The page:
(547c) Multiphase Fluid Dynamics for Materials Deposition
The advent of new emerging technologies in materials deposition during recent years, along with new experimental tools, as well as substantial progress in high performance computing, have resulted in a growing research thrust directed to understanding of the nature of the high speed two-phase flows in micro-scale. In this paper two types of so-called “direct write” deposition techniques used for printed electronics applications will be discussed from theoretical and experimental viewpoints.
Aerosol Beam Direct-Write. It is shown that under proper conditions an aerosol flow through micro-capillary reveals new manifestation of microfluidics: the Saffman force acting on aerosol particles in gas flowing through a micro-capillary becomes significant thereby causing noticeable migration of particles toward the center line of the capillary. This finding opens up new opportunities for aerosol focusing, which is in stark contrast to the classical aerodynamic focusing methodologies. The lines deposited by this method are shown to exhibit widths of 5 micrometers – superior to ink-jet.
Cold Spray Direct-Write. The basic principle of the cold spray process is the following. A high velocity gas jet is used to accelerate solid particles and spray them onto a substrate. The kinetic energy of the particles helps these particles to plastically deform on impact and form splats, which bond together to produce coatings. The speed of solid particles in cold spray process is much higher than speeds of aerosol particles in aerosol beam deposition process. Cold spray is a relatively young process and still considerable efforts are needed to understand and control the process, as well as develop methods to focus the beam of solid particles in a similar way it is done for aerosol beam direct-write.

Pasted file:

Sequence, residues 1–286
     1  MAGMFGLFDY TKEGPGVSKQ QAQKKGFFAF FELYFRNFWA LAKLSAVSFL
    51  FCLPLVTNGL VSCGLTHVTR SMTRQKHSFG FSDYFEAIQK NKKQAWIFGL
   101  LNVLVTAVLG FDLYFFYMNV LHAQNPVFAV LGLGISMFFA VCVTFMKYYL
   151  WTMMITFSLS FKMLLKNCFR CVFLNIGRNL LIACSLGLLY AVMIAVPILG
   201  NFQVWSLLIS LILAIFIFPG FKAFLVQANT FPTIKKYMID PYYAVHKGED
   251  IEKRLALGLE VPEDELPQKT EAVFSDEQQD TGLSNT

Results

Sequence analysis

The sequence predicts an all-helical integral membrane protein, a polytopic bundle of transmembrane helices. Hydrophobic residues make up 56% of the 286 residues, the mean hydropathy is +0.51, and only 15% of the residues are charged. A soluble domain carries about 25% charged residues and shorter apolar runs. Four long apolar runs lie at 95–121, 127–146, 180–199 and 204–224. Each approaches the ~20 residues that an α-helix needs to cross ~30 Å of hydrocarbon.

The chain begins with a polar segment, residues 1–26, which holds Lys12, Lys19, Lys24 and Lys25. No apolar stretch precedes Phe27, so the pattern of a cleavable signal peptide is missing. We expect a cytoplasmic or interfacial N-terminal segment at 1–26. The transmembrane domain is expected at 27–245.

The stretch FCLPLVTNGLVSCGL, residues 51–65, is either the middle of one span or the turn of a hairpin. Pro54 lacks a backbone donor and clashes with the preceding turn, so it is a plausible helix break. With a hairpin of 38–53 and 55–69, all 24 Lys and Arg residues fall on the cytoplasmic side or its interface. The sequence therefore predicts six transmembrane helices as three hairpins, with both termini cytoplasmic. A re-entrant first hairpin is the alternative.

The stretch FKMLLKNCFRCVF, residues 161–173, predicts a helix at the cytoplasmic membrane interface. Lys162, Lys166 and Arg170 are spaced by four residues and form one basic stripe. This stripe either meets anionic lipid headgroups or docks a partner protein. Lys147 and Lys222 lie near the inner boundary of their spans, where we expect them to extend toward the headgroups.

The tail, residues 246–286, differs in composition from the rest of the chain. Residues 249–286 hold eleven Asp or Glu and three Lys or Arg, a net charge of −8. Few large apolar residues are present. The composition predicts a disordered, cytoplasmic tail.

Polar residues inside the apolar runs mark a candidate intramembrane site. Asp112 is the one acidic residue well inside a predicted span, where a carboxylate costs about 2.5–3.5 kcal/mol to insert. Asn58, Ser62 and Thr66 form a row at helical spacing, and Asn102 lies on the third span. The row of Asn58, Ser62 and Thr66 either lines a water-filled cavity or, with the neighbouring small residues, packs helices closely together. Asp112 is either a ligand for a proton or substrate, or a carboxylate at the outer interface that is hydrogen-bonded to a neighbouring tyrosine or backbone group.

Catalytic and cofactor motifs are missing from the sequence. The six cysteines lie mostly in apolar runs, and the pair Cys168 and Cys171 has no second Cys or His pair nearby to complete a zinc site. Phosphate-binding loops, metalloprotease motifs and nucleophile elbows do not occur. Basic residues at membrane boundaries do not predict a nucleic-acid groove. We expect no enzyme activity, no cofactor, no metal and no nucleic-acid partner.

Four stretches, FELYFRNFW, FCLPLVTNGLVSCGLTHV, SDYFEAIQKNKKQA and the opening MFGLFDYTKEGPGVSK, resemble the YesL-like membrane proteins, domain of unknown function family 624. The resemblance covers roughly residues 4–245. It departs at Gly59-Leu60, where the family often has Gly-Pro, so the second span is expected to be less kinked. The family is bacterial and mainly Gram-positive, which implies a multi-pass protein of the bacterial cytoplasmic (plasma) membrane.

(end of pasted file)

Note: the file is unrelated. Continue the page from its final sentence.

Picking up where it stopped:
This material is based on research sponsored by the Department of Energy under DOE-FC36-08GO88160, Defense Microelectronics Activity (DMEA) under agreement H94003-09-2-0905, North Dakota EPSCoR and National Science Foundation grant number EPS-0814442.